Training Warriors for the 21st Century

Training Warriors for the 21st Century
Joong Do Kwan Traditional Taekwondo cross training with Kidokwan Perth

4 Sep 2017

Performance Anxiety


In addition to being a martial artist, I have also have a long history as an archer. The following article was sent to one of my archery students and his parents. I have modified it slightly so that it reads better for martial artists. While the article can be specifically applied to events which cause anxiety such as competitions and events that require physical self defence, any instructor knows that the positive effects of good training impact all other areas of a practitioner's life. In this case, the discussion pertains to all issues impacting the individual, and how we may better cope with such pressures and continue to perform at our very best. Cheers, Colin

The BIGGEST cause of choking and how to prevent it!
Posted by Dr. Alan Goldberg- Peak Performance for Athletes, Coaches and Parents on Thursday, 18 May 2017

In 1985 Olympic Gold Medallist in Archery John Williams came to Singapore on an IOC Sponsored Coaching Seminar of which I was one of the participants. One of the biggest things he communicated - if you're competing you shouldn't be coaching. To paraphrase for the martial arts community - You shouldn't be looking at video of yourself practicing, and you shouldn't be trying to analyse what you're doing. You should just simply do what you do to perform your best. Simply said.

That's me in 1985 - by that time I was already in my second year of representing Singapore - and training martial arts. Because of archery I found I could skip school for cool events like this one plus go on free trips through the year. 

I have a article I printed off some years ago on 'Test Anxiety'. There are three components of this anxiety. In summary:

  1. negative thoughts and self depreciating self-statements during pressure tests
  2. appraisal of your personal physiological state, and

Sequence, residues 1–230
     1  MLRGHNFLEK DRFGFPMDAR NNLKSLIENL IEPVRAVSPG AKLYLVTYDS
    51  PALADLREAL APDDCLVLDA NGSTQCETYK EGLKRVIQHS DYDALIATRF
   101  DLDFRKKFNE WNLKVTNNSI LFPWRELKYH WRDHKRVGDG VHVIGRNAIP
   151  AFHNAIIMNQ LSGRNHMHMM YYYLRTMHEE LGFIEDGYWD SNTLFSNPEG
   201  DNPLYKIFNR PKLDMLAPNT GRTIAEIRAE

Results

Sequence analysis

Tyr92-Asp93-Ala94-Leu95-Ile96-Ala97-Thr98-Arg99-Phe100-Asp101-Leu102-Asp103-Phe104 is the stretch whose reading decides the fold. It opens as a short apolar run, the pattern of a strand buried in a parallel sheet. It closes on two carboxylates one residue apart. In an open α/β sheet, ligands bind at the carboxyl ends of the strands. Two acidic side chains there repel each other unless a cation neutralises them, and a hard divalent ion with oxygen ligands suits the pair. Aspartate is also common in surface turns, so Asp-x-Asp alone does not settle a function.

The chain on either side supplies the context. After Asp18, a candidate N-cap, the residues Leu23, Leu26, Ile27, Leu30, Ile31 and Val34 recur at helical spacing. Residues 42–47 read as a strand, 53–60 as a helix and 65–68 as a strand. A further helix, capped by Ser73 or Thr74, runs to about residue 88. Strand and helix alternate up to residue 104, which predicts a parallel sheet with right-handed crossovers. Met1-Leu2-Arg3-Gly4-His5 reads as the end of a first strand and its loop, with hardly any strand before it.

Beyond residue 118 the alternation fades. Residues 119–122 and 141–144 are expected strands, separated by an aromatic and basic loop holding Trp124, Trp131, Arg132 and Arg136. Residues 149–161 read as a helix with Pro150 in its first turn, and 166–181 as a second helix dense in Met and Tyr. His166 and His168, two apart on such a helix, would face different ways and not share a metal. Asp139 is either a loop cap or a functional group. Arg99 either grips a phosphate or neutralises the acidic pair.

3. behavioural tics which affect preparation and training.


As a coach I like to focus on broad concepts and the ideals of what we're trying to do with the individual archer. I say this to frame instances when I do have to correct aspects of a practitioner's form. Again, I'm careful not to use the word 'goals' as reflected in Dr Alan Goldbergs video above. Such goals as he mentions are training-oriented, or at least is a practice-oriented process, and should be left in training.

In my own experience there are times when I may correct an archer, or when I attempt to modify a certain aspect of their form, this may result in a better or more consistent shot. However, left alone, that archer then might think that to continue to emphasize that specific instruction or to work on that specific component to the nth degree - which results in an over-exaggeration of the initial tweak - which in turn results in over-correction, and then screws up his form.

Dr Goldberg mentions that an athlete can even bring these goals or expectations or understand to a competition. "I want to win" or "I need to push myself harder" or "I want to beat this competitor". However, he says when you bring these goals, it creates an inner urgency which then wrecks your performance.

The more you focus on the process or the outcome or the game plan, the further you are from being "in the moment".

As an practitioner, or as a parent, or as a coach ... we must guard against anything that brings you 'out of the moment' or away from 'the zone'. When the coach tells you to focus on something, you may temporarily do so, but being in the moment is where your efforts should be directed to. This pertains to both sportive competition and self defence!

What to do during practice - take some time to dump all unproductive thoughts on paper. Or compartmentalise them in your mind and park them - and resolve them later. Focus on positive thoughts during your setup and warmup.

What to do before an event - have a plan of what you're going to do, sleep well, do not eat a heavy meal, banish neurotic thoughts, and go through personal relaxation techniques.

During the event - step through the mental visualisation plan that gets yourself into the zone.

After the shoot - reward yourself regardless how well you did. Give yourself a good break. Other pursuits are important too. And make sure you go through rest, recuperation and rehabilitation!
This is a really good video for all of us.

ps. Look at the martial arts weapons he's got hanging on his wall!

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